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Book of Love
Review by Rich Cline |
dir Analeine Cal y Mayor
scr David Quantick, Analeine Cal y Mayor
prd Nick Spicer, Maxime Cottray, Allan Niblo, Richard Alan Reid, Michael Knowles, Naysun Alae-Carew
with Sam Claflin, Veronica Echegui, Lucy Punch, Horacio Villalobos, Fernando Becerril, Ruy Gaytan, Horacio Garcia-Rojas, Sofia Sisniega, Antonia Clarke, Remmie Milner, Laura de Ita
release US 4.Feb.22
Is it streaming?
Bright and sunny, this culture-clash romcom throws a stuffy Englishman into lively rhythms of Latin America. Cleverly, director Analeine Cal y Mayor has fun upending genre cliches, grounding the humour in wry observations and superb locations. So even if there aren't any surprises in the plot and the usual final-act formula feels forced, the cast and crew add plenty of engaging angles to the story to make it fresh.
In his first novel, Henry (Claflin) celebrates romance as something sensible and practical. Unsurprisingly, it's not selling well in Britain. But it's a surprising blockbuster in Mexico. So his publisher (Punch) sets him up with social media accounts and sends him on a Mexican book tour to build an international profile. He's accompanied by his book's translator Maria (Echegui), a sparky woman who lives with her grandfather Max (Becerril) and cheeky young son Diego (Gaytan). As Henry encounters unusually exuberant fans, he quickly realises that Maria has translated his book into a trashy romance novel.
There's never any doubt where this is headed, but the textured characters and situations hold the interest, especially with smarter than average dialog. Maria sarcastically accuses Henry of writing from (his lack of) experience. "I made some changes," she confesses, "but only the boring parts." It turns out that she's an aspiring writer who understands his story and characters better than he does. And she delights in mistranslating things around him. But Henry has some surprises up his sleeve.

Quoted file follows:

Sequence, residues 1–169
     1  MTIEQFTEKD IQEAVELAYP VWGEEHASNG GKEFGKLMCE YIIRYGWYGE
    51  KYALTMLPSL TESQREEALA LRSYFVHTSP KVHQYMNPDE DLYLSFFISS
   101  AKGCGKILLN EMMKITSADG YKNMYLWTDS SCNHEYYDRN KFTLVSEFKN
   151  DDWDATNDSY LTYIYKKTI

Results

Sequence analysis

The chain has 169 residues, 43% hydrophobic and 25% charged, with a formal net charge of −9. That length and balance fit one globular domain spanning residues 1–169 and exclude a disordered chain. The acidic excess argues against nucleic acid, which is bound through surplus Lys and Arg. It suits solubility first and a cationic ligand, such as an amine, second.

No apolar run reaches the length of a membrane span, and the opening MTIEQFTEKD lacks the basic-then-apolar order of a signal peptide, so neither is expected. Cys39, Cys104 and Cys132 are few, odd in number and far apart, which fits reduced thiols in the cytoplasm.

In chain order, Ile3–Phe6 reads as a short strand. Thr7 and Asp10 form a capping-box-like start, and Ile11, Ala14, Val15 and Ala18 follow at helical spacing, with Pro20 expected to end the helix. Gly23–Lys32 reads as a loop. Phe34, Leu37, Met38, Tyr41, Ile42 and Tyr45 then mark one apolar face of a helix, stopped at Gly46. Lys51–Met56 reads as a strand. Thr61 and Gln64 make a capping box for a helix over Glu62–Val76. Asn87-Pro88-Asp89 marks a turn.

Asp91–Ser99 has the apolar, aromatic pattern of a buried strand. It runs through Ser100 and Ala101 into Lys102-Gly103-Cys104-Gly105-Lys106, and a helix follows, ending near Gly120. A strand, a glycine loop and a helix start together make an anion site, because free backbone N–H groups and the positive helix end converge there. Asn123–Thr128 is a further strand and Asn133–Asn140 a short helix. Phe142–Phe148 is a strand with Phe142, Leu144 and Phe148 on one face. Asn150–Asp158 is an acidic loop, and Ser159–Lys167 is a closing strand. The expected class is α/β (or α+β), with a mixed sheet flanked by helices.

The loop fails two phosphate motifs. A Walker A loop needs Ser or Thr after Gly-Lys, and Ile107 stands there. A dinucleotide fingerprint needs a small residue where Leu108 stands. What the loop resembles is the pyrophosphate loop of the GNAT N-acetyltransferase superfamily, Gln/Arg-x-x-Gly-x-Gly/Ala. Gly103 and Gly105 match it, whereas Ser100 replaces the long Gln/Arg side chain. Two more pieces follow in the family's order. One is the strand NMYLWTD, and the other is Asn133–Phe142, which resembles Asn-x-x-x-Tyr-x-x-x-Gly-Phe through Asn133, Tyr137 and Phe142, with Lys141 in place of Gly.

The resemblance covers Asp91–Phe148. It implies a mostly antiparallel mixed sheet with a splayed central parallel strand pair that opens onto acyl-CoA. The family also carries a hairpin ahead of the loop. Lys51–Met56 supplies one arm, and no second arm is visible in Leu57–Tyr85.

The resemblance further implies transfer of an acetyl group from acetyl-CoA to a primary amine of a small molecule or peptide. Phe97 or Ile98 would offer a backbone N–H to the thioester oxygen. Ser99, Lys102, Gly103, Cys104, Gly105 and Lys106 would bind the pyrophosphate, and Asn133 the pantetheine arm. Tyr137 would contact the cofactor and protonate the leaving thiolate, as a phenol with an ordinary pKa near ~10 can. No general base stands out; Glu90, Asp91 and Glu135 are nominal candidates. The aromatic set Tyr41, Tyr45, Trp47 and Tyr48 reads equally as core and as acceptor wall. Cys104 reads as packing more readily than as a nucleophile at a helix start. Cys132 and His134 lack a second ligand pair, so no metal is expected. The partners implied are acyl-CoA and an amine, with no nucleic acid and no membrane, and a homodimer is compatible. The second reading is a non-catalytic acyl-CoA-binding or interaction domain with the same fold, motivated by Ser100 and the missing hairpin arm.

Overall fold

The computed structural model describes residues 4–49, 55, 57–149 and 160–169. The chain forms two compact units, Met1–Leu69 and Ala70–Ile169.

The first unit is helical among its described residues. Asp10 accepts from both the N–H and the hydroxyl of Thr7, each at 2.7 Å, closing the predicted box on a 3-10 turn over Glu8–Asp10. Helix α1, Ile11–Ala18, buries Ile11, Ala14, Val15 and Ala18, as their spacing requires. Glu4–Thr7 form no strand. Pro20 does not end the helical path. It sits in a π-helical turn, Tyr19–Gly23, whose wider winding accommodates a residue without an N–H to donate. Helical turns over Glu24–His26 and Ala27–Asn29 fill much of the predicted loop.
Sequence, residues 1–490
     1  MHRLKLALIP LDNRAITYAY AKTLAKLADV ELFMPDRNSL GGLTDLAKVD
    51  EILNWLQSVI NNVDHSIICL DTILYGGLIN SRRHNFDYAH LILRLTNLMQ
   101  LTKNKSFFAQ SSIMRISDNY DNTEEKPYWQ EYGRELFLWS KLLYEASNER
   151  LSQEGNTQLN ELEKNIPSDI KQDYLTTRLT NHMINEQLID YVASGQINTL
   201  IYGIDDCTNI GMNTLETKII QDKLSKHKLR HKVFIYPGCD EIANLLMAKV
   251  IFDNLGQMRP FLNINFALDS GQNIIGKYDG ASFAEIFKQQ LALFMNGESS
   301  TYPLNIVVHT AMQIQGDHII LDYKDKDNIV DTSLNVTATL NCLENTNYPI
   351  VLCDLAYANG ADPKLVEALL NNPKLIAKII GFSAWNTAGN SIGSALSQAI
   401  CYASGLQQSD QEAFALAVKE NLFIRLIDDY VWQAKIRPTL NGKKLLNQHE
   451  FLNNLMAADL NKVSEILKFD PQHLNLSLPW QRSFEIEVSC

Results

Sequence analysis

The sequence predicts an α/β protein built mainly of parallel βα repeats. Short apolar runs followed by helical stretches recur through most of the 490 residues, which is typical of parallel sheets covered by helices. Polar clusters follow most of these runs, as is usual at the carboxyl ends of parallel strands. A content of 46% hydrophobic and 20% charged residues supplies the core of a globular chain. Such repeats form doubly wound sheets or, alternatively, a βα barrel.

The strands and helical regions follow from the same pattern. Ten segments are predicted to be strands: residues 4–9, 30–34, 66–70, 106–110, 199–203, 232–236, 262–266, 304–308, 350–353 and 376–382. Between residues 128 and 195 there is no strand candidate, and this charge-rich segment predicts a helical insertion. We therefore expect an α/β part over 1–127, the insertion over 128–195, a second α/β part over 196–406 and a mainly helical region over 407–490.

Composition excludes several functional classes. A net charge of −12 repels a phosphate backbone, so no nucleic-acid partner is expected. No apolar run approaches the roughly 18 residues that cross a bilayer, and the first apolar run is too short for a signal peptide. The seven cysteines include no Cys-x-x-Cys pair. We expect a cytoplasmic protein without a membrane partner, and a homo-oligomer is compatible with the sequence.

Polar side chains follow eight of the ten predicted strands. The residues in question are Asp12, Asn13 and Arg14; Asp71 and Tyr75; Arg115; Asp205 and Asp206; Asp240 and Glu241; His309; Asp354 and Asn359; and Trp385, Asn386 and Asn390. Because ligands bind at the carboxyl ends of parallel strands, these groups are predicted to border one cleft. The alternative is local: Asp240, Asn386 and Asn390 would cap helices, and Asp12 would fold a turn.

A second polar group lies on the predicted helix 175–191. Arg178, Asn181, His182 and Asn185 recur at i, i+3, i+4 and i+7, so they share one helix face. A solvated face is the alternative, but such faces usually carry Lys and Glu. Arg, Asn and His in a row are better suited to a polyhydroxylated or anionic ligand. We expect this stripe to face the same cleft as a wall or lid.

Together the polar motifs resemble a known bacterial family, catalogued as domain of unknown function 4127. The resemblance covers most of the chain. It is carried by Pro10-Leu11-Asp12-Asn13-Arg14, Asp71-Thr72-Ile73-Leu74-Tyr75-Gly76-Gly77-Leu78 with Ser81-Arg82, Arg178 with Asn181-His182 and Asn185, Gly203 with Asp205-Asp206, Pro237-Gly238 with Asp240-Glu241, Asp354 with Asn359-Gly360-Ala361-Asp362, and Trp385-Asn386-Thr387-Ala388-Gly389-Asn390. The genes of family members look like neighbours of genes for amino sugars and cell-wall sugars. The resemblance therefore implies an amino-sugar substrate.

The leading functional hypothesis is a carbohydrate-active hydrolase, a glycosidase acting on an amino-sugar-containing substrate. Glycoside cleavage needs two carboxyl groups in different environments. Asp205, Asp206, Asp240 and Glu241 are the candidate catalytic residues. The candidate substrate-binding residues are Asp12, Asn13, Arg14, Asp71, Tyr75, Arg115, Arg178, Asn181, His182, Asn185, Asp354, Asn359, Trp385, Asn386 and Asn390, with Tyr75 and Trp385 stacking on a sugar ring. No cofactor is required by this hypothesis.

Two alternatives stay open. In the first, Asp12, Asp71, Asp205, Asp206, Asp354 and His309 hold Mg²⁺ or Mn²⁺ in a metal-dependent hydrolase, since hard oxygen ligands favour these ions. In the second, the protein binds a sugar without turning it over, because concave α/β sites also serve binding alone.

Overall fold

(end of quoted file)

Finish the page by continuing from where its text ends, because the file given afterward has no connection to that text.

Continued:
Goofy without being clownish, Claflin strikes a nice balance in the role as a pinched Englishman who simply needs to get out of his own head and relax. Opposite him, Echegui is terrific as a young woman with a complicated life who instantly sees right through Henry, challenging and provoking him. Their chemistry is terrific. As Maria's thoughtless ex, Garcia-Rojas adds a pointedly dark edge to her story. And the witty Villalobos, as Henry's Mexican publisher, brings a colourful energy all his own.
The narrative takes enjoyably corny turns, including an entertaining look at creative collaboration as Maria and Henry team up to write a sequel. There's also the intriguing exploration of the different ways people approach love, some embracing the passion and others shying away fearfully. This echoes in how Maria notices Henry's confident masculinity, as he's able to admit weaknesses instead of hiding fearfully behind machismo. And for fans of swoony romance, that's here too of course.
R E A D E R R E V I E W SStill waiting for your comments ... don't be shy.
© 2022 by Rich Cline, Shadows on the Wall
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